Yet for an addict, a return to drug dealing is a virtual guarantee of relapse to drug use as well. Drug dealing itself can be an addiction, I believe, akin in some ways to gambling. The lure of "quick, easy money" and some past experience that reinforces this belief is almost too much to resist. (Especially for someone just out of rehab or prison, yearning to have "things" again, who hasn't much legal work history and the notion of working at minimum wage is tough to swallow...) In addition, drug dealing delivers a habit-forming adrenaline rush of excitement, access to sex, a kind of power and "respect," status, and material pleasures. It's a pretty powerful pull!

We at Reelizations made a ground-breaking video, Getting Out of the Game: The Trap of Drug Dealing to address this important subject. It includes interviews with former drug dealers who successfully made the break and "got out of the game," detailing the strategies they used to counter the inevitable pull back to the streets and dealing.

Love to know what you think about this topic. Most drug treatment programs don't address it at all. Yet many addicts through the years have told me this is their central addiction.

What is "Gender-responsive treatment?"

Hey, this is an issue I've been thinking a lot about lately, since I'm consulting at the moment for a women's treatment program. Really, this particular program has been a therapeutic community that just happens to be segregated by gender, so it's all women. But until now, it hasn't been designed to really be responsive to women's particular needs in treatment. So what IS a good women's program? I'd love to hear from you, especially if you're involved in a program you feel is really "gender-responsive" (either gender). Some of the things I think of about creating an effective women's program include these kinds of ideas:

  • Inspirational and empowering environmental cues (pictures, sayings by women from history through contemporary, etc.)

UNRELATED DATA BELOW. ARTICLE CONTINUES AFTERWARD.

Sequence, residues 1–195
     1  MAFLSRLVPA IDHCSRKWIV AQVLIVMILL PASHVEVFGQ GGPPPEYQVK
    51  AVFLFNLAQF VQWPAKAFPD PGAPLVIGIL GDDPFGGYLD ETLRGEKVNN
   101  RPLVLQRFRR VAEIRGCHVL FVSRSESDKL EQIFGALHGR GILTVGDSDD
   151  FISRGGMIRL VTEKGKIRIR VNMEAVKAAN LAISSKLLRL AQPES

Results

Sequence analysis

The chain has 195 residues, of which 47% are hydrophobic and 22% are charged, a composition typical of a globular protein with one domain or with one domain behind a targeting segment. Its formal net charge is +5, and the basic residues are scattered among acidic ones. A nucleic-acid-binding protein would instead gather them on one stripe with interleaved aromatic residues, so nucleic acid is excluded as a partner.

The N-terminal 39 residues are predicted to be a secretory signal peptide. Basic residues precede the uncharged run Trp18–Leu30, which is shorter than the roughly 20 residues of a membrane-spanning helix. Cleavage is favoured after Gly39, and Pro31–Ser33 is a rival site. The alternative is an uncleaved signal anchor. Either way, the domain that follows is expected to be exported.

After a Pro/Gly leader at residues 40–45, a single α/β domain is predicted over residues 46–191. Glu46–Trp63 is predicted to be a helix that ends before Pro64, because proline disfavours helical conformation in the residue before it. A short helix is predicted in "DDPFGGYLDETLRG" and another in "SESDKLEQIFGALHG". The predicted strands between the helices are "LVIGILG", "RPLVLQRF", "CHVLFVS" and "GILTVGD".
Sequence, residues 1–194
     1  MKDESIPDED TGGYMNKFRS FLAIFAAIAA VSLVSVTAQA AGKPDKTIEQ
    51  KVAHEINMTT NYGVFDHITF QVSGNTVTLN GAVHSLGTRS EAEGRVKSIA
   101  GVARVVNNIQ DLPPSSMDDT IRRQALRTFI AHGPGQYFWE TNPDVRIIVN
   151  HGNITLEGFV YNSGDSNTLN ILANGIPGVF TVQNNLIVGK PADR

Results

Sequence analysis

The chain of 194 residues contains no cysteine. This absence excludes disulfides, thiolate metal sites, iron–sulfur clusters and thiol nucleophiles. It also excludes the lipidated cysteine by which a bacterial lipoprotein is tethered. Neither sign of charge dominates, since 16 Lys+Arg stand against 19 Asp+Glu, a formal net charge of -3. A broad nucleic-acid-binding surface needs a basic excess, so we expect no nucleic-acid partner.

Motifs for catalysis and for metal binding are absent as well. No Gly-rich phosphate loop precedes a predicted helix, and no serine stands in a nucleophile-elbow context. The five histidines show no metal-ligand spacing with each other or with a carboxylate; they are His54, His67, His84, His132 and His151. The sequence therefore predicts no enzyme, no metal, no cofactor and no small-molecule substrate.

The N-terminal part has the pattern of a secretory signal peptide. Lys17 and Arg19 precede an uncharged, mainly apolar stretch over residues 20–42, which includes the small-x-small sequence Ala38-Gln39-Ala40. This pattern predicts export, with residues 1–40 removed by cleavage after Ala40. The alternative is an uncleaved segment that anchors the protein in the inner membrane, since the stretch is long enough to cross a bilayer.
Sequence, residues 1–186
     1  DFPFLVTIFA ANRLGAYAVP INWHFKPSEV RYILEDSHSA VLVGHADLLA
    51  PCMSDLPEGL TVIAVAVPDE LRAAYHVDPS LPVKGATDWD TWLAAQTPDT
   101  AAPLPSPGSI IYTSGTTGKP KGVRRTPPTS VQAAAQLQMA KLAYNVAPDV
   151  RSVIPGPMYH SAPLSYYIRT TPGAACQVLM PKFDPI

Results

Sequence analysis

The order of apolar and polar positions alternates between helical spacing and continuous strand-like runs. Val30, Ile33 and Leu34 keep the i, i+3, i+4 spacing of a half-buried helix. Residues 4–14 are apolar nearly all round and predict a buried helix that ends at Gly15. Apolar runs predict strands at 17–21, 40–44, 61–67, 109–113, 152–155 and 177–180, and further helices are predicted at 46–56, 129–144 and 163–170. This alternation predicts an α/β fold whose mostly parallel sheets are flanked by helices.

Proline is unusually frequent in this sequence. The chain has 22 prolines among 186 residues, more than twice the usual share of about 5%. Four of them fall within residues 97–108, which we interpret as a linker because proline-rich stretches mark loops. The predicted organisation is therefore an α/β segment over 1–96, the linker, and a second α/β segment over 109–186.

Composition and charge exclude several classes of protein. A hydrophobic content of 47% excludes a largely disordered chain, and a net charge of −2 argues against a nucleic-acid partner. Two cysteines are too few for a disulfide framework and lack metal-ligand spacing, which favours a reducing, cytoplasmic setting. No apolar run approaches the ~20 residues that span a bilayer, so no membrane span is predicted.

• Good leadership among staff, positive role models
  • Staff trained to understand the effects of trauma on so many women, and what this means for treatment... (like hypervigilence to being screamed at, etc.!)
  • Good integration of a mental health component, since many women in residential treatment (at least) have co-occurring mental health concerns like depression, anxiety disorders, etc.
  • Family involvement, support for parenting, etc.

What do you think makes a good women's treatment program? A good men's treatment program? Or do you think coed treatment is best??

Wednesday, May 13, 2009

Calling everyone "in the trenches" of addiction treatment!

Welcome to Addiction Treatment Central! This is a place in cyberspace where addiction treatment professionals of all modalities and persuasions can gether around a "virtual water cooler" and share thoughts, frustrations, challenges and strategies relevant to treating addictions.

Let me introduce myself and why I'm even doing this... My "reel" name is Donna Boundy, I'm author of Willpower's Not Enough (HarperCollins) and When Money is the Drug. I started in the drug treatment field, well, 30 years ago (yeah, do the math...). I'm also a partner in Reelizations, a video/DVD production company that specializes in good, relevent, "meaty" (raw, realistic) programs on recovery. OK, blah, blah, blah. There's more to find in my profile is you care...

OK, so some of the topics we'll debate and discuss in this blog could include...
Gender-responsive treatment--what is it? Does it make sense?
  • The latest on Suboxone
  • Therapeutic Communities--are they still relevant? Can they be changed? Should they be?
  • Is drug-dealing really an addiction in itself?
  • Why do Americans have this insatiable appetite for drugs, as Hillary Clinton noted?
  • What really works in treating adolescents?
  • Anger management for recovering addicts--why is it crucial?
  • How urban inner-city addicts can avoid relapse, even in such a challenging environment with cues and triggers all around!
  • Are the 12-step programs still the best aftercare plan of all?
  • "Trauma-informed treatment" --what is it? Why is it important?

Hopefully, you the readers will contribute more ideas and topics. Where do you want to start?